If you create a lot of pages with these fancy built in fractions and then go to add a type fraction such as 2/3 which is of course a 2, a/ and a 3. If you use these types of fractions most people will get the idea of what you are trying to do but they may come away feeling a tad disorientated, especially if you also use some of those fancy built in fractions.

There is a way around that though the hand made types I am explaining below aren't as good as those fancy kind they are less likely to cause your readers to go away scratching their heads.

Here is how to make your own hand made fractions:

  1. Start with a blank page.
  2. Type 1/4 and a space, so you get one of those fancy pre-built "1/4" characters on your screen.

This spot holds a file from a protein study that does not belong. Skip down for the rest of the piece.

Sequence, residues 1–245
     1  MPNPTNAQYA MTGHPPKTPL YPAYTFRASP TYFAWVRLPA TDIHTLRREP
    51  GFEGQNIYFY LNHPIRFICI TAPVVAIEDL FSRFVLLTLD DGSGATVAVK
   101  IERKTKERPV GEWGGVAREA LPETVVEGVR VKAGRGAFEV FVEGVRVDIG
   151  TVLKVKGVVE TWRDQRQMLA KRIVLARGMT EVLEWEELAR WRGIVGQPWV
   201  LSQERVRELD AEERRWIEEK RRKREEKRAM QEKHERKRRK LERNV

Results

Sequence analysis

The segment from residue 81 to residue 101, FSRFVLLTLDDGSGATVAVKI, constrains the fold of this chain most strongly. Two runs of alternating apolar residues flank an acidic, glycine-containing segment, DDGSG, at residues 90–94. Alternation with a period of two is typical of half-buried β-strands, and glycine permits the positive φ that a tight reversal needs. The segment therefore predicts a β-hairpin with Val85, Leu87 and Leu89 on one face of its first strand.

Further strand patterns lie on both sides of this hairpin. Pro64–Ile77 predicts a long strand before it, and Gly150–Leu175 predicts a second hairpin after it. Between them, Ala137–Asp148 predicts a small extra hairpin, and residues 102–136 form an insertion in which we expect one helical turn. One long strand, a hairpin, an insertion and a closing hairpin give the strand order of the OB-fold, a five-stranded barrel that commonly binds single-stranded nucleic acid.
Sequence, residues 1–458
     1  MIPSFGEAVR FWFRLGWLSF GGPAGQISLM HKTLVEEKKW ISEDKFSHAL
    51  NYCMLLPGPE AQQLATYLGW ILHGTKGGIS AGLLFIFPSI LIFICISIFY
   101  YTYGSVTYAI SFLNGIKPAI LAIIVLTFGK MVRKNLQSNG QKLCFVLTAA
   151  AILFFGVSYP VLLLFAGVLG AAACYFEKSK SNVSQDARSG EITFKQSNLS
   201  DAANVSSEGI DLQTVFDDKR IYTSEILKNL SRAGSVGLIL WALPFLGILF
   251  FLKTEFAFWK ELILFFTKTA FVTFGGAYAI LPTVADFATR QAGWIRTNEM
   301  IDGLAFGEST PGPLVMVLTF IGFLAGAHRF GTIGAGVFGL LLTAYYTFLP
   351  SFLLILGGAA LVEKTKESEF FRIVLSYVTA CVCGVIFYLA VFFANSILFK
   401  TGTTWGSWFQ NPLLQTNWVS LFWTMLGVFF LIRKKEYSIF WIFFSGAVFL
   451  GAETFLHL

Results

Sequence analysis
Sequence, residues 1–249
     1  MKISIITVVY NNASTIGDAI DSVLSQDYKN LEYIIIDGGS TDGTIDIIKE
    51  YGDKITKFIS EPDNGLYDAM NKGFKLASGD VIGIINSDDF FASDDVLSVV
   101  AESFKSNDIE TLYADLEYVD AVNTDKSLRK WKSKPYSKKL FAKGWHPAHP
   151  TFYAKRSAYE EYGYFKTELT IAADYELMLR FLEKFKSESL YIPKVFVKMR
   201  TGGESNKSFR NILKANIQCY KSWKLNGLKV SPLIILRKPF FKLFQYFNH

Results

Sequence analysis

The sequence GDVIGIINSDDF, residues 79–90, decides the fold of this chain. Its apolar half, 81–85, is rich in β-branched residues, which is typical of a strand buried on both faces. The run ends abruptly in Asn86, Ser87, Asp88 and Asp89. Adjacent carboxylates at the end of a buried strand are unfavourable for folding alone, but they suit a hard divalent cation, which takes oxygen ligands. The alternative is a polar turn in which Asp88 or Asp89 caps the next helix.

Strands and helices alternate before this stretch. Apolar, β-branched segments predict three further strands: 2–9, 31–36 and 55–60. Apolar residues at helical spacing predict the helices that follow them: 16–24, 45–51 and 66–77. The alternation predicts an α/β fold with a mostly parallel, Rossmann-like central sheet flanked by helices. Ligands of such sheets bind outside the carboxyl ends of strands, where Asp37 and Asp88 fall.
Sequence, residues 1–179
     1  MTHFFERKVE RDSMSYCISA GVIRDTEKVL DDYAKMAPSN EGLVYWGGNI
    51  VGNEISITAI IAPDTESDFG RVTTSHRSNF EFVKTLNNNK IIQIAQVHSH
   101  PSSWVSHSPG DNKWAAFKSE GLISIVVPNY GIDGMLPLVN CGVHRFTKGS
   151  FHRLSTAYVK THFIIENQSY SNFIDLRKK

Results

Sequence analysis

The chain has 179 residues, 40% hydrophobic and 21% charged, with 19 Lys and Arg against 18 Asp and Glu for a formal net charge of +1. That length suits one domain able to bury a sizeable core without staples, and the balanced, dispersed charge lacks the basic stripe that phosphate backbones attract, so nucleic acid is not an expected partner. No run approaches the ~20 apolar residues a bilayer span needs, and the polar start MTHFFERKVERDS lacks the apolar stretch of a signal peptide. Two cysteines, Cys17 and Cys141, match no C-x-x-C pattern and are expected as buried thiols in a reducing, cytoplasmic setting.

3. Click on the Zoom box on the Standard Toolbar and run the zoom up to 200%, or thereabouts. You want to see a magnified view so you can eyeball the fraction you're going to build, and try to make it look as much like the fancy "1/4" as possible.
  4. Type the fraction you want to create. For example, you might want to type

  5. Select the first number. (In this example, you would select the "2".) Click Format | Font, and make the font smaller, over in the Size box. In my experiments with Garamond, Arial and Times New Roman at 10 and 11 points (which are the fonts and sizes I normally use), I found that 6 points was about right. A little experimenting will find one just right for your choices.
  6. Click the Character Spacing Tab and in the Position box pick Raised. You want to raise (superscript) the first number. I found that when I was using 11 point text, raising the first number by 4 points was about right. When using 10 point text, raising by 3 points looked best to me. You be the judge. When you're happy, click OK.